Author: Lyndsey Layton
An advisory panel to the Food and Drug Administration that has been studying whether the government ought to ban menthol cigarettes said Friday that the “removal of menthol cigarettes from the marketplace would benefit the public health.”
The panel, made up of scientists, doctors and public health experts, stopped short of recommending a ban on menthol cigarettes, which make up about 30 percent of the $80 billion U.S. cigarette market.
The committee, which spent a year analyzing menthol cigarettes before releasing its draft recommendations, said that compared to standard cigarettes, the mint-flavored products do not pose greater individual risk to smokers in terms of lung cancer, stroke and other tobacco-related diseases.
But menthol cigarettes are especially enticing to teenagers and to blacks and are more likely to turn them into lifetime smokers, the panel found. Smokers of menthol cigarettes also find it harder to quit, the panel said.
Lawrence R. Deyton, director of the FDA’s Center for Tobacco Products, said the agency will review the panel’s recommendations. The FDA is not required to follow the advice of its advisory panels but often does. “Now it’s up to us to do our job,” Deyton told the panel.
The menthol question will be the first real test of how aggressively the FDA intends to regulate tobacco. Congress passed landmark legislation in 2009 that put tobacco under the authority of the FDA for the first time. The law prohibits the agency from outlawing tobacco or nicotine but gives it broad authority to regulate the ingredients in cigarettes and the way they are marketed.
Congress banned candy and spice flavorings such as chocolate and clove, saying cigarette makers used those products to hook youngsters into a lifetime addiction. But it exempted menthol from the ban, saying it wanted the FDA to study the issue and report by 2012 whether restrictions on it would serve the public health.
A coalition of anti-smoking groups hailed the panel’s findings.
“The committee’s conclusions leave no doubt that menthol cigarettes have had a profound adverse impact on public health in the United States, resulting in more smoking and more death and disease from tobacco use,” the coalition said. “Now the FDA must act expeditiously and implement the committee’s recommendation.”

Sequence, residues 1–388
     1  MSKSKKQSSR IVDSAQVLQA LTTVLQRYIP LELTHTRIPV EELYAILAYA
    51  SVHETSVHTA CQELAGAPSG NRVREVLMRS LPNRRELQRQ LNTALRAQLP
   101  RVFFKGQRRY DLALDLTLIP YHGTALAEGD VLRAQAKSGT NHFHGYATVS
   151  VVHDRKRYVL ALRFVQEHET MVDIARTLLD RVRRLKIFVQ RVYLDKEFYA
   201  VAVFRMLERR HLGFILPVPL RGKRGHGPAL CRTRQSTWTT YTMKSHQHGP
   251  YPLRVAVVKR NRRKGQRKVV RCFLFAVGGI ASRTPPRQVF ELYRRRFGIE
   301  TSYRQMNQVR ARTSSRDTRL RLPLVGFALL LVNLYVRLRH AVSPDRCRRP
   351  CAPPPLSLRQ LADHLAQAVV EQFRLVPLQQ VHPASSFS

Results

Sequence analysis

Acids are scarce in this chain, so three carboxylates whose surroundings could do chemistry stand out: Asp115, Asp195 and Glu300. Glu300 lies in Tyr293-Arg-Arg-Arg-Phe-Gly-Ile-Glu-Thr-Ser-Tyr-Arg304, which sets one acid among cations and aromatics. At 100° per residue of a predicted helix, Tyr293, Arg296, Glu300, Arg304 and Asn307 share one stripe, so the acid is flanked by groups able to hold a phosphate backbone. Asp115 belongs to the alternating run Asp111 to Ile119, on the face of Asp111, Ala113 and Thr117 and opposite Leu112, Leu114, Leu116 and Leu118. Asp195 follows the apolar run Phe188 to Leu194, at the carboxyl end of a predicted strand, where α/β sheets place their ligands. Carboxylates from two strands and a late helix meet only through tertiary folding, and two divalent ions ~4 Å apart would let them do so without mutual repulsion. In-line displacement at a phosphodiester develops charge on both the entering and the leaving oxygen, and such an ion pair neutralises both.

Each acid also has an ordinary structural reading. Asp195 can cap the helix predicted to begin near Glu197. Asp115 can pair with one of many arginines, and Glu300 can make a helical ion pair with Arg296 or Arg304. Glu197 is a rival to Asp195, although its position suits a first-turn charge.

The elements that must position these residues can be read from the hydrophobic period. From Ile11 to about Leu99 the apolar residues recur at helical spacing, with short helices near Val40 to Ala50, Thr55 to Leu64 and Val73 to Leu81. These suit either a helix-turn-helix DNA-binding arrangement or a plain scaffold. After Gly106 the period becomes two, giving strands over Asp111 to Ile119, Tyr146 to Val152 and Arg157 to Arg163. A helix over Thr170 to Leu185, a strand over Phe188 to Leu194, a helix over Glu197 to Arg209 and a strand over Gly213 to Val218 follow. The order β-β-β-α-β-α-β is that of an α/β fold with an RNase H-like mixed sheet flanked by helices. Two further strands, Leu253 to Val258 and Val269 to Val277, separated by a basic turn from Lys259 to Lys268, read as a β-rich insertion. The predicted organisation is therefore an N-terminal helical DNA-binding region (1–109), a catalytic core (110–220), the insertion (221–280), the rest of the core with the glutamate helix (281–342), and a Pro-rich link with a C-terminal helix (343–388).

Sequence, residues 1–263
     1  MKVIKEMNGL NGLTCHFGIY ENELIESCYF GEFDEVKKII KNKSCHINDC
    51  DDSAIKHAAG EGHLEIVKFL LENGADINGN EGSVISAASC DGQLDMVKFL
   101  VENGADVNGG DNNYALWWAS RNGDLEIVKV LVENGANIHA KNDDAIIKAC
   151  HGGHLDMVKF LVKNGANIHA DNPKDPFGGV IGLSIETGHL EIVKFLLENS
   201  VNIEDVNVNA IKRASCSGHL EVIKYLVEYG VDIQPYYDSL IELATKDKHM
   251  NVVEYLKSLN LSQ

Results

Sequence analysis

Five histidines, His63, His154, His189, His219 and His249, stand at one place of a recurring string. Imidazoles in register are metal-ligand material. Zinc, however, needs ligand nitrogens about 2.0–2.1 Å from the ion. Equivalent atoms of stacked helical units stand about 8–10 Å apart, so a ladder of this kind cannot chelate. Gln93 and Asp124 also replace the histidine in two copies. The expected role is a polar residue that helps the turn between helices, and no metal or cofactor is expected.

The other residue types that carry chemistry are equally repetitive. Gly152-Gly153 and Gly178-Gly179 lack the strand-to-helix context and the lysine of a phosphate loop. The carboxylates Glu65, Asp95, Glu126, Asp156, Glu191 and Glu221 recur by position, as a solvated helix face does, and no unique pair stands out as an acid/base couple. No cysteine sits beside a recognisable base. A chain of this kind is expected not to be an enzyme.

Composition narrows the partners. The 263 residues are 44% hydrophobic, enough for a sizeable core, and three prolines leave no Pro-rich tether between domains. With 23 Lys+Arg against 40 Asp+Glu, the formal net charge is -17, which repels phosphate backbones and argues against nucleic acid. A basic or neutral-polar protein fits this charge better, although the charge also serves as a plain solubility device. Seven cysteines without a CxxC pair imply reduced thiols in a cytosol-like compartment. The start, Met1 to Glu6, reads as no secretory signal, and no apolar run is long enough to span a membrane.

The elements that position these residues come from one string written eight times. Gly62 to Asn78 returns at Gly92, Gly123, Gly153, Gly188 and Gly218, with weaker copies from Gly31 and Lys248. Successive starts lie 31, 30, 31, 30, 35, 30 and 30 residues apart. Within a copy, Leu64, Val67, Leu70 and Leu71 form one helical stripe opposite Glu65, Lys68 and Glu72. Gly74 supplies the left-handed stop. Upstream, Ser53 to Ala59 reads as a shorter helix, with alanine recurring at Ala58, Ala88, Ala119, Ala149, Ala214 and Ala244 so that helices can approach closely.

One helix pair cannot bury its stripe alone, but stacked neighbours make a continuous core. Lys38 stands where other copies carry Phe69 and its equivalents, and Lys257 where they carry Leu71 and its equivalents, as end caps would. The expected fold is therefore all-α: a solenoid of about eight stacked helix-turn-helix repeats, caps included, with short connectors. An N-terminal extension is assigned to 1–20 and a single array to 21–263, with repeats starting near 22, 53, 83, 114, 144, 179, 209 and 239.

Lorillard, whose Newport brand is the best-selling menthol cigarette in the country, dismissed the panel’s conclusions as “unsubstantiated.”
Murray S. Kessler, Lorillard’s chairman, president and chief executive, said in a statement that the report “is just the first step in what we believe will be a very long process that ultimately does not result in the removal of menthol cigarettes from the marketplace, especially when contraband and other unintended consequences are seriously considered.”
The tobacco industry maintains that a menthol ban would expand the black market for cigarettes, encouraging criminal behavior and robbing the government of tax revenue.
The industry also maintains that menthol cigarettes pose no greater harm than regular cigarettes and therefore should not be treated differently.
Lorillard and Reynolds American, which makes Kool brand menthol cigarettes, objected to the panel before it issued recommendations. They filed a lawsuit Feb. 25 charging that the panel cannot provide unbiased recommendations because three members have conflicts of interest. The FDA has declined to comment on the charges.
Menthol cigarettes are used by about 80 percent of black smokers, infusing the debate with questions about race.
The panel found that tobacco companies have advertised menthol brands heavily in black communities and that the targeting has paid off. “The evidence is sufficient to conclude that menthol cigarettes are disproportionately marketed per capita to African Americans” the panel found. “Consistent with these targeted marketing efforts, menthol cigarettes are disproportionately smoked by African American smokers.”
William S. Robinson, executive director of the National African American Tobacco Prevention Network, said when Congress banned flavorings that help addict young smokers, menthol should have been included.
“Why does menthol have to meet a different threshold than all the other ingredients that were already banned,” Robinson said. “Given the people who use the product the most, we felt that continuing to allow menthol was discriminatory.”
Removing menthol cigarettes from the marketplace could avert thousands of deaths each year, the panel said. About 400,000 Americans die annually of tobacco-related disease.
Of the country’s three top tobacco companies, Lorillard has the most at stake in the debate over menthol. About 90 percent of its sales are linked to Newport and other menthol cigarettes.